Why did Stewardship Properties go in with a buy and hold strategy? As an investor, you’ve got to determine your why and ours was centralized looking at the long term wealth-building potential as well as the future opportunities for everyone involved in the process along the way.
Wealth By Buy and Hold Is Slow:
4:20: This is a get rich slow thing, but not too slow.
4:50: You can flip or wholesale to get to buy and hold.
6:17: Look at your portfolio's needs when determining what to do with a property. Can you take on a project or do you need the liquid cash?
Considerations for a Buy/Hold Strategy:
10:24: Andrew’s goal is to keep everything as long as it’s not too expensive to cashflow.
12:30: You have to have diversity in your portfolio, A to C minus class. That’s one of Ryan’s mistakes when he started out.
14:48: Niche, group home story in the expensive Portland market.
17:10: AirBnb can work, but be careful.
20:22: Anything that helps you build up your cash flow is what it’s all about.
22:17: If you are in a more expensive area, don’t give up. Think outside the box and ask yourself if you’re really committed to this buy and hold model.
Survive Till You Thrive in Buy and Hold:
26:13: Analyze your deals up front to determine if you’re doing a cash out refinance or if you’re into the property for 75% ARV on a mortgage. Does it still cashflow? You’ve got to make sure it’s paying for itself.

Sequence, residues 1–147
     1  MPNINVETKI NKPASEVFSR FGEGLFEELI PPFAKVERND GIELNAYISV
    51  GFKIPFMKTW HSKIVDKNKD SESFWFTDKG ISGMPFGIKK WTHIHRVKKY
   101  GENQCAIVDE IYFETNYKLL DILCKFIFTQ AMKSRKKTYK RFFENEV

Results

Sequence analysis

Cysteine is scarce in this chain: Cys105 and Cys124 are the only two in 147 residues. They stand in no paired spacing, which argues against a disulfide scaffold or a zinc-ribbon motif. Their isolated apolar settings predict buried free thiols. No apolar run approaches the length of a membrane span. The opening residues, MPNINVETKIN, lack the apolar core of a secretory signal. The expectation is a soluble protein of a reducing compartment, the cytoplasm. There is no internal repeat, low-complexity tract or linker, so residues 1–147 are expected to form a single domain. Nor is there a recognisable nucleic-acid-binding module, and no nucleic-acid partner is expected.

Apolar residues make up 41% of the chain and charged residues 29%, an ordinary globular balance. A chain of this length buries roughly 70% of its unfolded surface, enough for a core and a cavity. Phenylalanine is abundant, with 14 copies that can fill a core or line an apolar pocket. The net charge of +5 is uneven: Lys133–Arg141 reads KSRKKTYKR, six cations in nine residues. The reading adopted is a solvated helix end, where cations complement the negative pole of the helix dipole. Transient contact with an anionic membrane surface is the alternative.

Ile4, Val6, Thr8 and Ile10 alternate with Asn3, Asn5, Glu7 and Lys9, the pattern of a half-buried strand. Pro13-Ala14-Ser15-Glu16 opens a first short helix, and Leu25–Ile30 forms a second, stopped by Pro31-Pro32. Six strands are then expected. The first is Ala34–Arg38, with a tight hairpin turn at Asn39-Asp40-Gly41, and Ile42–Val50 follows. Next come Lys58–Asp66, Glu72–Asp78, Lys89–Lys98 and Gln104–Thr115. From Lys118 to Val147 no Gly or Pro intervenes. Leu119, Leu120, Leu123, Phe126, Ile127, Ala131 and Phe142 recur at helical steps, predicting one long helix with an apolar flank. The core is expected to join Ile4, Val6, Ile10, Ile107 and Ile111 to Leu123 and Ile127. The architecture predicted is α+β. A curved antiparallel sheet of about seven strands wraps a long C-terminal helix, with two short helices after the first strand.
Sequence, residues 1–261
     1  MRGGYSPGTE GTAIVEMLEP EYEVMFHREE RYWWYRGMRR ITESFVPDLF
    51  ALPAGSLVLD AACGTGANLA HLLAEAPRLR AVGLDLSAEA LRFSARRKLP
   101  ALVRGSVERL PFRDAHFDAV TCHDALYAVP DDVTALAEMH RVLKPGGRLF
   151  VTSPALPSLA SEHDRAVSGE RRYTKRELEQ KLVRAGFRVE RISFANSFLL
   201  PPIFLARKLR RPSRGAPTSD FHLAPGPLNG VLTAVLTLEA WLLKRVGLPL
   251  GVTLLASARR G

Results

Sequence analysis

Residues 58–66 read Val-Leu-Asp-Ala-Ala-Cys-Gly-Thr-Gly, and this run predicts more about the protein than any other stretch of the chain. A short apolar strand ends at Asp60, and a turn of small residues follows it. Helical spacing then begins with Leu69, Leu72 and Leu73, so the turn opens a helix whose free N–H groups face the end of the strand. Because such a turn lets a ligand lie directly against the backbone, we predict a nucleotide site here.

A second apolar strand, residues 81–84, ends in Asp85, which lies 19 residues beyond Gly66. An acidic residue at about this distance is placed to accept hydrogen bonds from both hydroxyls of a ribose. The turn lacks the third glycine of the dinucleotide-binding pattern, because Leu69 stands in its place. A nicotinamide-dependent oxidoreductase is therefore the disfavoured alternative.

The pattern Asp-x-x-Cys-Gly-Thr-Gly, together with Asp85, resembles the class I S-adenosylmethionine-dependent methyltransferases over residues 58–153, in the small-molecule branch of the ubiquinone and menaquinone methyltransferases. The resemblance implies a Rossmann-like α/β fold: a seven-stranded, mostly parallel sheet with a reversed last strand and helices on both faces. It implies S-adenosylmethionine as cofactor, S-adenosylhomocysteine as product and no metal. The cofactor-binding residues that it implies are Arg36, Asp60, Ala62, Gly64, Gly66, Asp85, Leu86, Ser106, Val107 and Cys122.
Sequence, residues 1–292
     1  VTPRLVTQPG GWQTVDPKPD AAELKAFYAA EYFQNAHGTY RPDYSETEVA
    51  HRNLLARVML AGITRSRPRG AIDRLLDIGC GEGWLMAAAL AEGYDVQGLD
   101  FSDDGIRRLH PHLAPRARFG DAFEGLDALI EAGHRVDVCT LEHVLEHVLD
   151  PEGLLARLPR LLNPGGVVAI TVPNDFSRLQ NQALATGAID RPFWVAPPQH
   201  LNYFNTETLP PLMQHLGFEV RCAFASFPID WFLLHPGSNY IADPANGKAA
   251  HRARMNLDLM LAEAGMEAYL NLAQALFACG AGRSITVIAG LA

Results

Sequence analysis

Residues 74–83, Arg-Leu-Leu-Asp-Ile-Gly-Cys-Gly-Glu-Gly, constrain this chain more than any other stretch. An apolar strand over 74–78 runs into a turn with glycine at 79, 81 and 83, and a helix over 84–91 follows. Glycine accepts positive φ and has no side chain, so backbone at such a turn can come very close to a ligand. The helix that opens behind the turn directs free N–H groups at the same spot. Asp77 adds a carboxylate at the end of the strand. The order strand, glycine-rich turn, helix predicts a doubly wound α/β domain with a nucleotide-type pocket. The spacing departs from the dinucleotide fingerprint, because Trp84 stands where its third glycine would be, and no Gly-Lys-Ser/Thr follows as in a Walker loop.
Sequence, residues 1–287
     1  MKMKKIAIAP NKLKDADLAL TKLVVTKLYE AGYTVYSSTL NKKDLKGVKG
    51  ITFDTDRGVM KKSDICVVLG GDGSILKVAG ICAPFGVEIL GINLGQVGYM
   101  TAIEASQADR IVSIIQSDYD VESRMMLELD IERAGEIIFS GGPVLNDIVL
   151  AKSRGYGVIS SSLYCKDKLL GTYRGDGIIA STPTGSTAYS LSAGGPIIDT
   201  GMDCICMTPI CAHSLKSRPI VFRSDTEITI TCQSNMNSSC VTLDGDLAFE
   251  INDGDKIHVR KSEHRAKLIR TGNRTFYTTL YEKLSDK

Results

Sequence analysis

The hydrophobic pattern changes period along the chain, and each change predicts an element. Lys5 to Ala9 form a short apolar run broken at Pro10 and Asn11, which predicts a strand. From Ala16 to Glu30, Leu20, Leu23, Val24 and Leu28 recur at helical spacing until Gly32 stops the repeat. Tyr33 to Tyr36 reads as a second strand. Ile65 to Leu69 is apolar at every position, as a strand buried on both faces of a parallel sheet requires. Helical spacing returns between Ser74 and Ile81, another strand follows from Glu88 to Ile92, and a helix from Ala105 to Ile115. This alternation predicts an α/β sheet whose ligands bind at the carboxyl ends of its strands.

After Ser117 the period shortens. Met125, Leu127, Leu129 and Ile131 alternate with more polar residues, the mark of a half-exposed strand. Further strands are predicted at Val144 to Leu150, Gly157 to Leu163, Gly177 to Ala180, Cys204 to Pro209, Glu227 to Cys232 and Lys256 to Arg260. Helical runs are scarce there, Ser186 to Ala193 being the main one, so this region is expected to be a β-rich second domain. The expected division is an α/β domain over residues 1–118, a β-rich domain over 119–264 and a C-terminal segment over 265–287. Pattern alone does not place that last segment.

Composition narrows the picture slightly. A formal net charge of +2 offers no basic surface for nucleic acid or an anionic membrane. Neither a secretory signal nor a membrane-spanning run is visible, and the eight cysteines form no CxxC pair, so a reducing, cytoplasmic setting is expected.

28:50: Ryan looks at his buy and hold portfolio as a really cool 401k. But on the transactional side from wholesaling, wholetailing and flipping is the “now money”.
30:45: Where you make your, your good, large chunks of money is in the appreciation. In the debt pay down in the depreciation, the tax benefits, and then occasionally you get a really nice cash out refi check.
31:38: Real estate's always generally tight when you're using the BRRRR strategy. People expect just tons and tons of cash flow when you have debt on the property, especially early on, are just kidding themselves. Treat it with patience.
34:52: What thriving in Buy and Hold looks like.
Connect with the Good Stewards:
Bill: Here's what thriving looks like. You get to the point where you can refinance properties that have built up equity now have appreciated some, uh, you've rehabbed them and added value so they're worth more now and all of a sudden you get tax free money.
[00:00:19] Intro: Welcome to the good stewards podcast, the only podcast dedicated to seasoned real estate investors who want to maximize the cashflow potential in their business. We are buy and hold investors with a thousand plus properties and markets across the U S who bring an insider's view into the nitty gritty details of real estate investing. If you're looking to develop the mindset teams and systems that can dramatically build your real estate business and net worth, you're in the right place.
[00:00:51] Ryan: Welcome to this episode of the good stewards podcast. I'm Ryan Dossey.
[00:00:55] Amanda: I'm Amanda Perkins.
[00:00:56] Bill: I'm Bill Syrios
[00:00:58] Andrew: and I'm Andrew Syrios.
[00:01:00] Bill: Hello. Welcome to our podcast today. This is an exciting topic we're going to be talking about, but before we do, please look us up at thegoodstewards.com download our ebook. Give us some likes. Tell your friends about us. We'd really appreciate getting the word out. We're going to talk about, uh. I think the truly best wealth building opportunity that people with modest means have in our society, and that is buy and hold real estate investment. Uh, there's precious few things. Endeavors at one can get into, unless they are a software genius or a, you know, or a trust fund baby that they can, they can become wealthy. This is one of them. And maybe the best one.